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Explanation: (English, French m.) a double-reed woodwind instrument with the fingering of an oboe, pitched an octave lower (it is about 4 feet long), descending to the bottom of the bass clef (low A). It is similar to a bass oboe (also called 'baritone oboe' or 'baryton oboe'), but has a wider bore. The "general rule" for increasing the bore width when making a bass version of an instrument is to double the cross-sectional area of the bore for each octave down. The Heckelphone has a bore twice the diameter of an oboe bore. The instruments were created after composer Richard Wagner visited the Heckel factory in the 1880s and asked for an instrument that was in the range of a bass oboe and that had some of the qualities of an alphorn. By the time the instrument had been completed Wagner was dead. Fortunately, Richard Strauss 'fell under it's spell' and used it in his operas Salome and Elektra, as well as in his Alpine Symphony. Paul Hindemith wrote a trio for Heckelphone, Viola and Piano...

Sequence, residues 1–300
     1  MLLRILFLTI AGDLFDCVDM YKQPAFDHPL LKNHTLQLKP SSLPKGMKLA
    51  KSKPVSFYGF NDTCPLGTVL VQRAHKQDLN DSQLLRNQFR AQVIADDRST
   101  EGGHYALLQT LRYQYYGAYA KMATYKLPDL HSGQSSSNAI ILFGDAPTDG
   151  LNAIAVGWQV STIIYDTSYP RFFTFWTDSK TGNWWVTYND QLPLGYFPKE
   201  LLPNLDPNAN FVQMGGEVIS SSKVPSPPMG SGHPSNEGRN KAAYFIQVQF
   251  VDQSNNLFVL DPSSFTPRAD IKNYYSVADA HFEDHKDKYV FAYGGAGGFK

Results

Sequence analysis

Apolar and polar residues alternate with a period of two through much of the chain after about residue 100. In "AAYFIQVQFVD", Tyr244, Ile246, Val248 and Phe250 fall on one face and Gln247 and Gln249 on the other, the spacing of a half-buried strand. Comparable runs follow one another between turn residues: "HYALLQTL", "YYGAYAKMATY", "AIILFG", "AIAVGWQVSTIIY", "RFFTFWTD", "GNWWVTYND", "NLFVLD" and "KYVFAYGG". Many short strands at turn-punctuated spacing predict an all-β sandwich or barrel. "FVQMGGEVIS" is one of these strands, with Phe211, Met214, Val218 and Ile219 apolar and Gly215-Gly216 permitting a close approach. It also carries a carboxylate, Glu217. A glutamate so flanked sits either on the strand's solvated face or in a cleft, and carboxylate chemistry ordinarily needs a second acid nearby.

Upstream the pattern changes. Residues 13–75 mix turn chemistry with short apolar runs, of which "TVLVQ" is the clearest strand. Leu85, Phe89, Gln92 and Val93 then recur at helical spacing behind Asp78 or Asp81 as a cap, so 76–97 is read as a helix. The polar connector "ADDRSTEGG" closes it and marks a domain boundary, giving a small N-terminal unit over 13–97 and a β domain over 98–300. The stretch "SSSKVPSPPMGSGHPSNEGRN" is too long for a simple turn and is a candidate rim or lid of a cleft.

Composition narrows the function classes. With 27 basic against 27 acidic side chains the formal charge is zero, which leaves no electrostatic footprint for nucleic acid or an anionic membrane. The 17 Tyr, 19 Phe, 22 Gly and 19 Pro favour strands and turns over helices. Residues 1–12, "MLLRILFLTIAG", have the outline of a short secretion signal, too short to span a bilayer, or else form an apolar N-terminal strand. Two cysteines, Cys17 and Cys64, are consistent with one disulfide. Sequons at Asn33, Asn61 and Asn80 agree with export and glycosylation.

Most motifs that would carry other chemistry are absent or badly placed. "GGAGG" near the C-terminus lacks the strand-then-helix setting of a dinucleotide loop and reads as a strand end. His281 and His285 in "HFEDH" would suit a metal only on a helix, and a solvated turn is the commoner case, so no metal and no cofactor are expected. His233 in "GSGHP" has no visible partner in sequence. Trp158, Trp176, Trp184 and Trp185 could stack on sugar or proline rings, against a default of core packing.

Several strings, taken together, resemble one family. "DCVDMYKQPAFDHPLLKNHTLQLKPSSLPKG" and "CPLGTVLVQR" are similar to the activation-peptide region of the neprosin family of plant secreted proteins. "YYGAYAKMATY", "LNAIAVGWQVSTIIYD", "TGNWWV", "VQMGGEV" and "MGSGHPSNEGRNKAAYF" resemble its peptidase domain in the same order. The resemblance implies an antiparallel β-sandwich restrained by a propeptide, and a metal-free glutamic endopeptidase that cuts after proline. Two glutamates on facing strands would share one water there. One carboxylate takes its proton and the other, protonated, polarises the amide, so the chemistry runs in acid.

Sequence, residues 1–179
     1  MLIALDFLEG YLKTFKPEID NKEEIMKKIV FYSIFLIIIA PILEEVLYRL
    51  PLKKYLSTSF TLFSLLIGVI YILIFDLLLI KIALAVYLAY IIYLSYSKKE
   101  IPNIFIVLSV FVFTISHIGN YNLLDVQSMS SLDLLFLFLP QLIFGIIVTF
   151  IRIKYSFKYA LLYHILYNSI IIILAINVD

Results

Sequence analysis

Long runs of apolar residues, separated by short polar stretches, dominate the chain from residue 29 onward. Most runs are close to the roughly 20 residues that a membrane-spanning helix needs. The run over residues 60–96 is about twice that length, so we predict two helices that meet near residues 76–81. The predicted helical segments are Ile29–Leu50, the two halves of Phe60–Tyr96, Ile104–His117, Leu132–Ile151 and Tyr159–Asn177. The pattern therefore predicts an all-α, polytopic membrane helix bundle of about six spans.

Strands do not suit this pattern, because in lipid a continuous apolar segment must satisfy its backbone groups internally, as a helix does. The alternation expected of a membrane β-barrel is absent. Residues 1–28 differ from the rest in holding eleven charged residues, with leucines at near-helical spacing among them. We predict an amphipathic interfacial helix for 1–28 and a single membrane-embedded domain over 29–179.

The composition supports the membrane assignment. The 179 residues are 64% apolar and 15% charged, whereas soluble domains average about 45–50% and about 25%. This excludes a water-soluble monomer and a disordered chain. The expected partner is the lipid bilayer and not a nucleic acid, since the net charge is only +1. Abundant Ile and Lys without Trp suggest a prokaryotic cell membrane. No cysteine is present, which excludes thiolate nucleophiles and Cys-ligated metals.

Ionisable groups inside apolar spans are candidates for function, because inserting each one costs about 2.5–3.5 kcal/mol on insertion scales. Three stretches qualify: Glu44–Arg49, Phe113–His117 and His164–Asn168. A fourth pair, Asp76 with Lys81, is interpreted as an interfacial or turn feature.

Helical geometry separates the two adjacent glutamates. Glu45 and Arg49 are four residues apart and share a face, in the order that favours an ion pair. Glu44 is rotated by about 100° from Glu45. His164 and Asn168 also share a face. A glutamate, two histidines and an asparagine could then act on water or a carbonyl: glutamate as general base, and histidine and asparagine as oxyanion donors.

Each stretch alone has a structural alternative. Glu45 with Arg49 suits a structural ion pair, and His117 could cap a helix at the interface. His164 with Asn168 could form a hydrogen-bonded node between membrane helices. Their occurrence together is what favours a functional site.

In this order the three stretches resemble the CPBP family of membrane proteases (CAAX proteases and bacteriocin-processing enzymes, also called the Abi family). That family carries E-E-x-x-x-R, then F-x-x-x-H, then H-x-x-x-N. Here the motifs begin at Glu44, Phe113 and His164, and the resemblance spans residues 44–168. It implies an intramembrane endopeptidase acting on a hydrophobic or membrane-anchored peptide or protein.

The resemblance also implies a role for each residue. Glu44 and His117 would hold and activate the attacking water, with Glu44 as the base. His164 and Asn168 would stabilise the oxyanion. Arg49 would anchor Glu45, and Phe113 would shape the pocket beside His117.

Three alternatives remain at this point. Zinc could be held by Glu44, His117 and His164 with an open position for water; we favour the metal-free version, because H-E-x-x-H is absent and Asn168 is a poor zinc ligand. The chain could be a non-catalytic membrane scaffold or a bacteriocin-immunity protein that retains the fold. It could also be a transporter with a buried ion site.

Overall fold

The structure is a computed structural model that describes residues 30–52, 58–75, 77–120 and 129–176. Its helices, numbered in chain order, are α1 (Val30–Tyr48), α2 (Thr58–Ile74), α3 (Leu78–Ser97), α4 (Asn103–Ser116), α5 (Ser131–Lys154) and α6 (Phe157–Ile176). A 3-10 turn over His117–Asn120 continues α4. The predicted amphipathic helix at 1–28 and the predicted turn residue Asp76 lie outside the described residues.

Καλύτερη τύχη είχε μία κατασκευή του 1876 (Heckel), του οποίου ο ήχος θεωρήθηκε εφάμιλλος εκείνου του κανονικού φαγκότου. Μία βελτιωμένη εκδοχή του 1879 χρησιμοποιήθηκε από τον Βάγκνερ στον Parsifal και απετέλεσε το πρότυπο για όλα τα μεταγενέστερα κόντρα φαγκότα.